My mindset had put me on a course to accept the offer to speak, and my passion for helping others sparked my social media revolution. Finally, I was networking, getting increased viewership, and bringing my business specialities into my work. Outside of my main direction of business studies, I had found my passion: telling my story. From a meeting I had at my house for a marketing project, I later helped to deliver it.

I think you know what you want to do; it just takes the right circumstances to know. I have always liked business innovation because I have continually innovated with my condition. I am good at engaging followers with stories because I have repeatedly told many medical professionals the same story of my life. Sometimes, we have what we need; we just need to unlock our potential.

If you want to find your purpose, you have to leave your comfort zone. Only here do we see individuals with differing opinions on life or even your own life. You then have the option to broaden your opinion, using it to forge new ideas, processes, or products. Or, as I did, use the similarities in others to help empower your differences. I think your purpose is often filling in gaps or behaviour in society that you personally missed in your own life. So just be YOU!

People, The Uncontrollable, Controllable

We do not choose the people in our lives, so in a way, it's the only uncontrollable element of my happiness. I didn't choose who my parents are, and neither did you. I'm lucky that my parents stepped up to teach me the right morals, mindset and, therefore, happiness. When you become emotionally intelligent enough to realise the people you love aren't always right, I think you should hold onto it. I don't mean to keep it as a grudge you dislike them for, but to keep it in mind when developing yourself. We all joke about becoming our parents, but I think too many of us do. Apart from a progressive mindset, it is too important not to get stuck in the same psychological mazes our parents did.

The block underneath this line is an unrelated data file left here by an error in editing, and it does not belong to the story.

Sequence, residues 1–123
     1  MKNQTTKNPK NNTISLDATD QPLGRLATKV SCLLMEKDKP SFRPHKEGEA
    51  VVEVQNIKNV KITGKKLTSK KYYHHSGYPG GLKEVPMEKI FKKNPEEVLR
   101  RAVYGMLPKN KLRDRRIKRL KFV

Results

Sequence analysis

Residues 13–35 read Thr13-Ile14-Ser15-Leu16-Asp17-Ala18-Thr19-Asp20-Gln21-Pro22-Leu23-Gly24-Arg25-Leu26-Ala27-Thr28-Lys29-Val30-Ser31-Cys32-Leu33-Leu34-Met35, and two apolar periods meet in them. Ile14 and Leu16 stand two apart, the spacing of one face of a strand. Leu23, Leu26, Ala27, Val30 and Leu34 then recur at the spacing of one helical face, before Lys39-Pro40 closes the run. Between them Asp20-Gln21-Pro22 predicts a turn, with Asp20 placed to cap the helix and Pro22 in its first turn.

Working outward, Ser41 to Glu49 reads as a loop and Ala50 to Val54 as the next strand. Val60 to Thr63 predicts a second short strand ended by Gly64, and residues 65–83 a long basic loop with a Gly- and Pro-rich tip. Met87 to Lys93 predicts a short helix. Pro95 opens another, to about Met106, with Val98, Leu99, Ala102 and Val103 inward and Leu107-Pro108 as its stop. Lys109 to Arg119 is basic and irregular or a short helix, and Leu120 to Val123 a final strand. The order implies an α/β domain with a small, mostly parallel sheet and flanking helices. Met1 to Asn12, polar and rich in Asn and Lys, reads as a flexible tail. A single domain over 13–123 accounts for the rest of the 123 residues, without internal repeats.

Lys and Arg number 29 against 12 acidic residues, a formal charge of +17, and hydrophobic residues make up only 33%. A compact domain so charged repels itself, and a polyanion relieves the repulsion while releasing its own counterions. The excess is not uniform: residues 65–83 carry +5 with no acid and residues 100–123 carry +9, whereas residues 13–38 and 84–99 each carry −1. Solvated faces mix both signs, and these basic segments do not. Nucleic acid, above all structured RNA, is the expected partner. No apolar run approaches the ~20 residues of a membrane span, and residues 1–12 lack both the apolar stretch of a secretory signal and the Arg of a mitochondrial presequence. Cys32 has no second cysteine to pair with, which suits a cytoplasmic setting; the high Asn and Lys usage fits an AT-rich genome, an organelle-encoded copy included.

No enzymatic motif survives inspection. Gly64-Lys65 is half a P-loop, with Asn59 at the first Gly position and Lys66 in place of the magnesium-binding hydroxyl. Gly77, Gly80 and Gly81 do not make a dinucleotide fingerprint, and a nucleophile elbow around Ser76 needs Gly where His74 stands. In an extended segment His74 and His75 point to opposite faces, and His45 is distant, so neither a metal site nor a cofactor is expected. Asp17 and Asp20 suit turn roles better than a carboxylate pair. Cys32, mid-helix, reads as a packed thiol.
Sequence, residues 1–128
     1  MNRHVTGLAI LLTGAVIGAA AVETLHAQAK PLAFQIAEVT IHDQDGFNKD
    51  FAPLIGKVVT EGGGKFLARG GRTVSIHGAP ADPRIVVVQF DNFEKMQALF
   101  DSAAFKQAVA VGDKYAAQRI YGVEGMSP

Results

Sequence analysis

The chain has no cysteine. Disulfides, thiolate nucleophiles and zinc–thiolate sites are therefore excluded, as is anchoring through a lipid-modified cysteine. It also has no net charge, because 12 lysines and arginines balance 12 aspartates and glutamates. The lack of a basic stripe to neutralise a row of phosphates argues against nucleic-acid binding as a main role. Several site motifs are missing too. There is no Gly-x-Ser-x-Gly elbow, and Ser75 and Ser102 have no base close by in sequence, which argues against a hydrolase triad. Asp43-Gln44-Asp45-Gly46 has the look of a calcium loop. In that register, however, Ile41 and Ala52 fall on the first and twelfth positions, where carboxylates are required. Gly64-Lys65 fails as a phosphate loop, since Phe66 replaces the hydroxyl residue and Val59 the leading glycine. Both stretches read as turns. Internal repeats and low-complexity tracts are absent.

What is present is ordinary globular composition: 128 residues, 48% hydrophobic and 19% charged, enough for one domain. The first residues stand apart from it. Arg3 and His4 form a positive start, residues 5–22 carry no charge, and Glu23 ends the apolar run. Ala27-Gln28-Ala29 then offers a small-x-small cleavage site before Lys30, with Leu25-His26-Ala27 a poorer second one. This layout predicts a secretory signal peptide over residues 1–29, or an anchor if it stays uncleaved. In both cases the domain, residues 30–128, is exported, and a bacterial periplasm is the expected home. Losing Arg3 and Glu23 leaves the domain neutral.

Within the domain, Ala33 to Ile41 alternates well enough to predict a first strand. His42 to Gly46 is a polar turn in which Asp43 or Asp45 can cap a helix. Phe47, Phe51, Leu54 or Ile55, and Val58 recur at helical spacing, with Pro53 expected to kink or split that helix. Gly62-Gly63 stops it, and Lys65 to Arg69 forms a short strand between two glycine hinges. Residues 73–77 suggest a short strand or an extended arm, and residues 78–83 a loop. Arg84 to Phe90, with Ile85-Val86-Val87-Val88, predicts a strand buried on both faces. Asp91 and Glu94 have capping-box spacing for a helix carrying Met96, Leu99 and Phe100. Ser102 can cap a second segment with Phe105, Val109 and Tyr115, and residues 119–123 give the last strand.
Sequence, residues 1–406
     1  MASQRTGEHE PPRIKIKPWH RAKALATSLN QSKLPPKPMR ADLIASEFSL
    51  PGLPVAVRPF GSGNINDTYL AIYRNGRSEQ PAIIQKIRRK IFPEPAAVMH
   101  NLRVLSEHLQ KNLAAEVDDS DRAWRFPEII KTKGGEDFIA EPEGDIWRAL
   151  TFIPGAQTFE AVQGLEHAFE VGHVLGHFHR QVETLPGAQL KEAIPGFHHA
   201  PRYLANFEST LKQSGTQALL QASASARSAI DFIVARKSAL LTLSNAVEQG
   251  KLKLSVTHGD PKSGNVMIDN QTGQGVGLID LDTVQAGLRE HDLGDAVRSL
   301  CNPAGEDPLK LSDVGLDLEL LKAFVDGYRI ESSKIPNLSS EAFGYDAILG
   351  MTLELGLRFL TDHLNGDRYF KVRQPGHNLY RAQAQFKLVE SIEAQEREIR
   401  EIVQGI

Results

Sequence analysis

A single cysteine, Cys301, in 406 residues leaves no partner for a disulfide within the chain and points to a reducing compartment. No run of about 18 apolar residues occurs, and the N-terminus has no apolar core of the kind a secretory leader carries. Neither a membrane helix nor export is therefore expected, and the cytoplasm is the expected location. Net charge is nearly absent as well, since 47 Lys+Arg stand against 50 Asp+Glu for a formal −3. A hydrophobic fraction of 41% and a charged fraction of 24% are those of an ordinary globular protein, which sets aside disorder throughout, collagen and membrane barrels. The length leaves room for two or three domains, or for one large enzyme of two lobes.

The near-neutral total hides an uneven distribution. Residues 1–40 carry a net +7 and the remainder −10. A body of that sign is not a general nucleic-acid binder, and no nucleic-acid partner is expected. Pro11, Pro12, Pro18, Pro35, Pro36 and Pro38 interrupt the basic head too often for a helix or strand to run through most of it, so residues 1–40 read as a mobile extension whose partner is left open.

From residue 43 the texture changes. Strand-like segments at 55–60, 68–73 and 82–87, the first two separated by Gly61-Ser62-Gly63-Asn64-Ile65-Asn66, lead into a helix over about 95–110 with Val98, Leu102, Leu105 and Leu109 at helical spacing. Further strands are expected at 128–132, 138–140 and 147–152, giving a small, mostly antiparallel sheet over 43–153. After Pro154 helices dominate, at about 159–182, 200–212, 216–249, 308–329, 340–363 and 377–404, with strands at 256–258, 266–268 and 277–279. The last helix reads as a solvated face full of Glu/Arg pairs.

First time in a cornfield

Until you reach a certain age, it's near impossible, but as soon as you do, it's a race to unlearn those behaviours. You have to rise above the behaviour you think is normal and teach others, too. Growing up with my condition, I did not care about what society thought of me. From this view, I could see a broader picture of what the world was like. I would overthink my own life, trying to be better.

My last piece of advice would be to think more open-mindedly. I never feel worried or anxious about the other side of the story because I'm always aware that I could be wrong. Acceptance is a powerful force in all walks of life. It's great to have an informed choice, which could change with new evidence. If you don't challenge your own belief system fairly, you're shutting hopes of a open mindset and hindering your progression.

All Bar One at Cambridge


As I conclude this hopefully helpful story, I'm reminded of the fine dance between mindset and circumstance, between perception and reality. My life has been a testament to the power of the human power to defy expectations and create a path where none seemed possible. I've learned that mindset isn't just a tool for motivation; it's the architect that makes up our reality. It's the lens through which we perceive the world, the canvas upon which we paint our dreams.

There lies a beacon of hope in uncertainty: the power of choice. We may not always control the hand we're dealt, but we hold power over how we play it. We can choose resilience over resignation, courage over complacency, and love over indifference.

I want to leave you with a challenge: dare to dream boldly, embrace the unknown with open arms, and wield the transformative power of mindset.

Life isn't just a series of random events; it's what we make of it. We may not control everything that happens to us, but we do control how we react. Our true freedom lies in our ability to shape our destiny, overcome obstacles, and walk boldly into the future.

So, as we part ways for now, remember this: keep dreaming, keep believing, and keep pushing forward. Our paths may cross again someday, but until then, live with purpose and passion. And never forget that your mindset is your greatest strength - it's what will carry you through the challenges and lead you to greatness.'

The weeknd at London Stadium